Monday, March 24, 2008

DARTMOUTH DYING?

One of the oldest traditions at Dartmouth is that the Alumni(ae), since 1891, have been able to elect half of the College’s Board of Trustees. This, to me, is an essential check and balance that has kept Dartmouth from charting its administrative and pedagogical course independent of the leavening element of the collective wisdom of its graduates. Now this prerogative is being threatened and it is time for those graduates who cherish this tradition to make a stand against this portent. The Dartmouth administration has attempted to pack the Board of Trustees with additional acolytes who believe that this and all future administrations are infallible and can perpetuate themselves without independent input and oversight.

This administration stratagem has been thwarted by a lawsuit by the Dartmouth Association of Alumni which has so far been successful in the New Hampshire courts. But unfortunately, authorization for this suit was voted for by a paper-thin margin -- six out of the eleven in the Executive Committee of our Association of Alumni. Now, the administration’s tact is to overturn this decision by changing this Association’s Executive Committee membership to a group that would likely rescind this lawsuit. Thus, there is an upcoming election (April 28th through June 5th) that pits a group of independent petition candidates to the Executive Committee of the Dartmouth Association of Alumni against the administration’s hand-picks. This therefore is a critical election that cannot be ignored by any alum who believes that Dartmouth will only remain strong with a modicum of independent oversight. To get more details about this kafuffle and find out what you can do to keep Dartmouth stalwart go to Association of Alumni ... and vote FOR the petition candidates to the Executive Committee of the Dartmouth Association of Alumni (see Dartmouth Parity).

If, on the other hand, you believe that a self-perpetuating group of elite alums should now and forever have a hammerlock on the future course of Dartmouth by disenfranchising their fellow classmates, go to Dartmouth Undying

2 comments:

Tom Paine said...

I don't know who the sponsors of this site are, but I applaud you.

It is impossible to overestimate the critical importance of this election. Our opponents certainly understand what is at stake, and they have loosed a tsunami of prevarication and distortion in order to confuse and frighten the voters.

How did the Wizard behind the screen know I have been posting as Tom Paine?

Frank Gado '58

Scott said...

George, I recommend that in the future you take anything the Hanover Institute says with a grain of salt.

It is not true that alumni, "since 1891, have been able to elect half of the College’s Board of Trustees." All of the elected trustees since 1769 have been elected by the board. The charter requires it. (By "elected trustees" I mean those who are not ex officio.) In 1891, the board changed the way five of the elected trustees, a minority of the board of 12, were nominated prior to their election by the board. That's all. The board has since changed the specific number of alumni nominees only twice, in 1961 and 2003. Both times the board retained the right to elect all of the elected trustees and maintained the proportion of alumni nominees at a minority of the board.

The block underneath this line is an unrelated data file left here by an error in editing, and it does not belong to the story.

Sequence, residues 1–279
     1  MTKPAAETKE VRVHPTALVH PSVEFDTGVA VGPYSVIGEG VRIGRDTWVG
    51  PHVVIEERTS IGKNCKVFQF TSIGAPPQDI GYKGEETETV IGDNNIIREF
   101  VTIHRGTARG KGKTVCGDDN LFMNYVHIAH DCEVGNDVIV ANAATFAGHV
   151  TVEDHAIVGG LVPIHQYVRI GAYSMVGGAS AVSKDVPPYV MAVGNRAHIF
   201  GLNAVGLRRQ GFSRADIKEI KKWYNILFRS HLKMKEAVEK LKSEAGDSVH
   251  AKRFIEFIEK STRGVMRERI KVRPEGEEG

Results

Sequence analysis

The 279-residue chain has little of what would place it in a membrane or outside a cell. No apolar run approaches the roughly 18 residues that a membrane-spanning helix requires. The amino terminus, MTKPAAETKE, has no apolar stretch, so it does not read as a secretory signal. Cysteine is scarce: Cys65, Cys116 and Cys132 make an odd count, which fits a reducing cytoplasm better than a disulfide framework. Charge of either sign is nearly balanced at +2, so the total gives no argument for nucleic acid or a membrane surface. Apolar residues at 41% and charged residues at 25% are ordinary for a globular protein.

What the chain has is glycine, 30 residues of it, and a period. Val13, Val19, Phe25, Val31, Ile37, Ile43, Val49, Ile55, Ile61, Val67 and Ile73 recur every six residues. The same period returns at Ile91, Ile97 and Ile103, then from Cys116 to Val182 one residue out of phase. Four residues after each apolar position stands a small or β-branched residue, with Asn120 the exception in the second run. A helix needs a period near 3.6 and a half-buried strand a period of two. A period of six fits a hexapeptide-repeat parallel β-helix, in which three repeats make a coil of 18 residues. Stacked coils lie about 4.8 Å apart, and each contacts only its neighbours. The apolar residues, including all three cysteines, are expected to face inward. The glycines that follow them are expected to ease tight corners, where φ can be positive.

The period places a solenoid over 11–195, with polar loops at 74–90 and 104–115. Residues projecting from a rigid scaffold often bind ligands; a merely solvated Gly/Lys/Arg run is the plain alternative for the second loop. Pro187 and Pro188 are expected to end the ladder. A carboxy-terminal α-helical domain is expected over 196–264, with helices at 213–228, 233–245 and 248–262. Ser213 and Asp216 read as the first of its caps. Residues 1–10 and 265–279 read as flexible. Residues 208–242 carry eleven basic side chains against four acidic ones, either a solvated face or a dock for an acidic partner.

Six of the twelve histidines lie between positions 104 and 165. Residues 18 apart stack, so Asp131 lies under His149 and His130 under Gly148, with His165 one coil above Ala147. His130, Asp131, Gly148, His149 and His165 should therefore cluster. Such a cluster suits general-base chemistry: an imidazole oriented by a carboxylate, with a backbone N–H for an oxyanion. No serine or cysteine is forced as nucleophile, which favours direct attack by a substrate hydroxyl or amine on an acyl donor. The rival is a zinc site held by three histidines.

The administration comprises the president and his staff. The president is an employee of the board of trustees as well as a trustee himself. In neither capacity would he be capable of "packing" the board with anyone. The board can only expand itself by amending the charter. This requires a majority vote. The board, including the "petition" trustees who opposed the expansion, held a vote and voted in favor of expanding. That's all.

The board, including the "petition" trustees," also voted to set rules for nominating the new trustees. As hinted above, there are two methods of nomination: by a committee of the board and by the alumni. In this case, unlike in 1961 and 2003, the board voted to have the committee nominate people for election to the added seats rather than to take half each from the committee and from alumni. The first five of the eight new trustees have all been alumni nevertheless, and alumni continue to populate all of the elected trustee seats. There is no danger that alumni will lose their total dominance over the board.

The "independent petition candidates" belonged to a slate put forward by the Hanover Institute, which was funding the lawsuit, and included Institute Secretary Frank Gado, who had ignored his unwaiveable conflict of interest from the moment he stood for election to the prior Committee. The "independent petition candidates" intended to carry out the agenda of the Hanover Institute as their predecessors had, by using the Institute to draft, fund, and send out their pro-lawsuit mailings, ostensibly on behalf of the entire Association of Alumni. After the alumni soundly defeated the entire slate recommended by you, an investigation turned up the representation letter supposedly used by the prior Committee to hire the law firm – signed by John MacGovern, Frank Gado, and not a single unconflicted representative of the Association whose standing was being used to pursue the litigation. The extent of alumni disapproval for the lawsuit and Hanover Institute's institution of yet another suit only confirm the impression that the Association never had an interest in suing the board, but that the Institute was merely using it all along.

You can't be "disenfranchised" from something you have no right to vote for. The board was purposefully made self-perpetuating by Eleazar Wheelock and Royal Governor Wentworth when they wrote the charter in 1769 without mentioning alumni anywhere in it. I doubt you would want to do away with that old tradition.